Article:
Waste Wheel of Fortune

The sale of Houston-based WCA Waste Corp. to Macquarie Infrastructure Partners II could lead to some asset divestments. But whatever happens with WCA shouldn’t have much direct impact on the significant solid waste assets that are already on the block from Veolia Environmental Services, says one industry analyst.

Michael Hoffman, director of research for Memphis, Tenn.-based Wunderlich Securities Inc., elaborated on his thoughts about the potential scenarios for Veolia’s U.S. assets in an interview. Paris-based Veolia Environnement announced that its U.S. solid waste operations were for sale a few weeks before the WCA deal became public.

Hoffman has said that selling all the assets to one company would be the ideal strategy, and that Houston-based Waste Management Inc. would be the obvious buyer.  But if the operations did get sold individually, the potential suitors would vary widely depending on the assets.
If Veolia’s Wisconsin assets are sold separately, their previous owner, Phoenix-based Republic Services Inc., would be at the top of the list to buy, Hoffman says.

The Detroit operations of Veolia would be interesting, he says, because it would be the most challenging to sell, given the difficulties with the Detroit economy. Waste Connections Inc. of The Woodlands, Texas, would be the logical buyer because it operates a landfill in Michigan. “Waste Connections will buy that asset as cheaply as they can get it,” he says.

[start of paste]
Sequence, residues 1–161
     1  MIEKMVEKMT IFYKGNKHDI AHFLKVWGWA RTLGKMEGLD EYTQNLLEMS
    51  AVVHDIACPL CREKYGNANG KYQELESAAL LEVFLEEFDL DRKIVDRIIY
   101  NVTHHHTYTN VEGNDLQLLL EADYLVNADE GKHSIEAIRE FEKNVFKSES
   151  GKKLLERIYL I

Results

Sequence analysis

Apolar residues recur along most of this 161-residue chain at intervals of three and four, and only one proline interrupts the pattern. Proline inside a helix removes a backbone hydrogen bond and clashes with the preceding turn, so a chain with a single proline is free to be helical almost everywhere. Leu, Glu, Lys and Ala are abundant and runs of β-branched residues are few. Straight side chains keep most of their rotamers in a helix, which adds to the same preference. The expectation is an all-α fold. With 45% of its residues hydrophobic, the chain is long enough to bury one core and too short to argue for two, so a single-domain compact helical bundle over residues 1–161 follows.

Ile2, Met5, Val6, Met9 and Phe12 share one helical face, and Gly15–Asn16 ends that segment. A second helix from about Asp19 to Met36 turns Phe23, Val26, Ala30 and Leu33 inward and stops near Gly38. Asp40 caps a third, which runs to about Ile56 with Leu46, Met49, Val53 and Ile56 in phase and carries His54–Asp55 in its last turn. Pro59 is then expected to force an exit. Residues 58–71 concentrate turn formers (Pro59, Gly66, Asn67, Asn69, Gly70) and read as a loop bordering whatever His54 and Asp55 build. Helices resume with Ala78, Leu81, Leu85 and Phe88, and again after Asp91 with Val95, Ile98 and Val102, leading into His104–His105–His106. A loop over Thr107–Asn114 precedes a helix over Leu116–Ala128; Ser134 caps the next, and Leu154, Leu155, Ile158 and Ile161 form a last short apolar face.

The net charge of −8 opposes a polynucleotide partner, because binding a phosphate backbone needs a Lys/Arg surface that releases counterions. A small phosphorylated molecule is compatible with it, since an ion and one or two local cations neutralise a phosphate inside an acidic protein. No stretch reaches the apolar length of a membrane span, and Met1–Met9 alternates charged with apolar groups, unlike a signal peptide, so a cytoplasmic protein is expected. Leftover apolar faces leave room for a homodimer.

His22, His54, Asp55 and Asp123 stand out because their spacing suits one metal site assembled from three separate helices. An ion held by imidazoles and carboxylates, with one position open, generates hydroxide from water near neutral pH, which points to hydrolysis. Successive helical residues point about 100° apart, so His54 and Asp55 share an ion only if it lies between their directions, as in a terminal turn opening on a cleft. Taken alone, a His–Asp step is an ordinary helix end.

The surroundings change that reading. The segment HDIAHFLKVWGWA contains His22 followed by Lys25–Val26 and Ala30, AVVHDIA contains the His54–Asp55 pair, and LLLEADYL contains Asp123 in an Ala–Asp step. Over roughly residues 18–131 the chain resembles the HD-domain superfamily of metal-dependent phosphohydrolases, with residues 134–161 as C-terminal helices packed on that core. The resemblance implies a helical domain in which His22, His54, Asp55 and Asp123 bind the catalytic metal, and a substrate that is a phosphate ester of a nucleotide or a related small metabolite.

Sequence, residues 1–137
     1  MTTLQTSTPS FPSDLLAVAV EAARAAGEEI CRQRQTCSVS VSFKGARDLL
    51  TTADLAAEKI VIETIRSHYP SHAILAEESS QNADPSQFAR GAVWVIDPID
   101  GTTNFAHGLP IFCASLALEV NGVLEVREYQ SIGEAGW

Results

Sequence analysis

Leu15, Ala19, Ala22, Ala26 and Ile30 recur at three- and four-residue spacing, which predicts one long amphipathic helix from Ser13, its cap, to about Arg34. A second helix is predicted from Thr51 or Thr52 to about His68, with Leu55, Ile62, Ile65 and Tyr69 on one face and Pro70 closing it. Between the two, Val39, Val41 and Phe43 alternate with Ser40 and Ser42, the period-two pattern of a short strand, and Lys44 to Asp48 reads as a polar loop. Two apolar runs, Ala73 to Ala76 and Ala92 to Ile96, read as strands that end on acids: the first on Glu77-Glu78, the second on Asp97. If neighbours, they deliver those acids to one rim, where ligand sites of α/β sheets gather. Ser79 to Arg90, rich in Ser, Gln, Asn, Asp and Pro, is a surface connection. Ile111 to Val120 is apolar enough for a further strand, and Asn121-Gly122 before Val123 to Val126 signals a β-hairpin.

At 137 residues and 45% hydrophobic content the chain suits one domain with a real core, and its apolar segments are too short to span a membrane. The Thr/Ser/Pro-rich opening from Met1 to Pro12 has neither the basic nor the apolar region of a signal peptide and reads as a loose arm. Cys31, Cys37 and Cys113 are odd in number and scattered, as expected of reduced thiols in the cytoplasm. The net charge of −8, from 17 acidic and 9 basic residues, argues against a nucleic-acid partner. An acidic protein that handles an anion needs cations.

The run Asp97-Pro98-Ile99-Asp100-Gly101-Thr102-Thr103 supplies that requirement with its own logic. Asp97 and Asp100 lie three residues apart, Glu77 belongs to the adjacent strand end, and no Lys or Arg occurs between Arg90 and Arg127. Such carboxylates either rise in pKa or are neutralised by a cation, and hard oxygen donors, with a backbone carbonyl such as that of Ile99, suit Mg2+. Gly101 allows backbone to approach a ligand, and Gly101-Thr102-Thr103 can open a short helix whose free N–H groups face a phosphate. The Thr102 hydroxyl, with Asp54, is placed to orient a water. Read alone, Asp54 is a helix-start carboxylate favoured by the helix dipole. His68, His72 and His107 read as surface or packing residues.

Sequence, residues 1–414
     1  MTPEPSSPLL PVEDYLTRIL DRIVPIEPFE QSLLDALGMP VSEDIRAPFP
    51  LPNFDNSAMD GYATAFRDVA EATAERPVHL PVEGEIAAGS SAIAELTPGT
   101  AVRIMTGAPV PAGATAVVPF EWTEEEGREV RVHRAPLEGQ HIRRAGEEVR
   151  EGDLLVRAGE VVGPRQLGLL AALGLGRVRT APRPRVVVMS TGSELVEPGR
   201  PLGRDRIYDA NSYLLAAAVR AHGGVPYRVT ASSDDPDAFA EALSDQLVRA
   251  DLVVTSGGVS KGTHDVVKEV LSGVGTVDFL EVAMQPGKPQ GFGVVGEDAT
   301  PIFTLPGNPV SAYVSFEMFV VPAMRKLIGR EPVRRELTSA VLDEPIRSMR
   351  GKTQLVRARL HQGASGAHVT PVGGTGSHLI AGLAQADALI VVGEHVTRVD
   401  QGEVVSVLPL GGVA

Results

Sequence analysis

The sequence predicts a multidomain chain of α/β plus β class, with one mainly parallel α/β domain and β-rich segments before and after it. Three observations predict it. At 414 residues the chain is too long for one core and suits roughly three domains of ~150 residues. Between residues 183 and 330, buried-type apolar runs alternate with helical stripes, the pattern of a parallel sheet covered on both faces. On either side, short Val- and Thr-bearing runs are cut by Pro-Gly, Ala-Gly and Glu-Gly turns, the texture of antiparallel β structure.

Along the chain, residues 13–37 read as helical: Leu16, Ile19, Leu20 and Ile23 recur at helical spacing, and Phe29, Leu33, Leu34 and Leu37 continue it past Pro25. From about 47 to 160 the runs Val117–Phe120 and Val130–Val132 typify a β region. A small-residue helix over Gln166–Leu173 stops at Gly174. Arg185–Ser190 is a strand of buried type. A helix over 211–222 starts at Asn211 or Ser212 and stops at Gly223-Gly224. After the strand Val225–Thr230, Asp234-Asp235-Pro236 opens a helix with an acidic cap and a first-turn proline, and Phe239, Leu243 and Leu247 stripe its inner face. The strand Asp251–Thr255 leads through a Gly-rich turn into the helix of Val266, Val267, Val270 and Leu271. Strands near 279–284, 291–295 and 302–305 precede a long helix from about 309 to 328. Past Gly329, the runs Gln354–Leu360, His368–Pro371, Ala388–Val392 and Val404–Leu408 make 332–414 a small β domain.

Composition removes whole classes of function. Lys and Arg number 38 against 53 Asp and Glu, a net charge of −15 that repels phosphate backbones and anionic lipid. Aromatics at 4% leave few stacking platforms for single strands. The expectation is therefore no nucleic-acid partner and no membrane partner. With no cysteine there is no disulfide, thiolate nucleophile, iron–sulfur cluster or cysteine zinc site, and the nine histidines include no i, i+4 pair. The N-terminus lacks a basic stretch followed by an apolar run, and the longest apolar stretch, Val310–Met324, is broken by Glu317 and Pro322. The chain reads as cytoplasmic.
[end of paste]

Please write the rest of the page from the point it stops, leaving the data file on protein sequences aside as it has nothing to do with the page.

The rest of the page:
With the Florida assets, Hoffman says he believes Waste Management wouldn’t be allowed to hold on to them if they acquired all the U.S. Veolia assets, because the company already is so big in Florida. But he says Macquarie would take a look at it, as would Republic, southern-oriented companies Advanced Disposal Services Inc. of Jacksonville, Fla., and Waste Pro USA of Longwood, Fla., as well as Charlotte, N.C.-based Swisher Hygiene, with chairman H. Wayne Huizenga, who has long operated out of Florida.

“[There are] plenty of bidders in Florida,” Hoffman says.

Hoffman says Veolia should get at least $1.4 billion for its U.S. opoerations if it was sold together. But “it might have more value [selling] piecemeal, if you’re willing to take the time to do it.”

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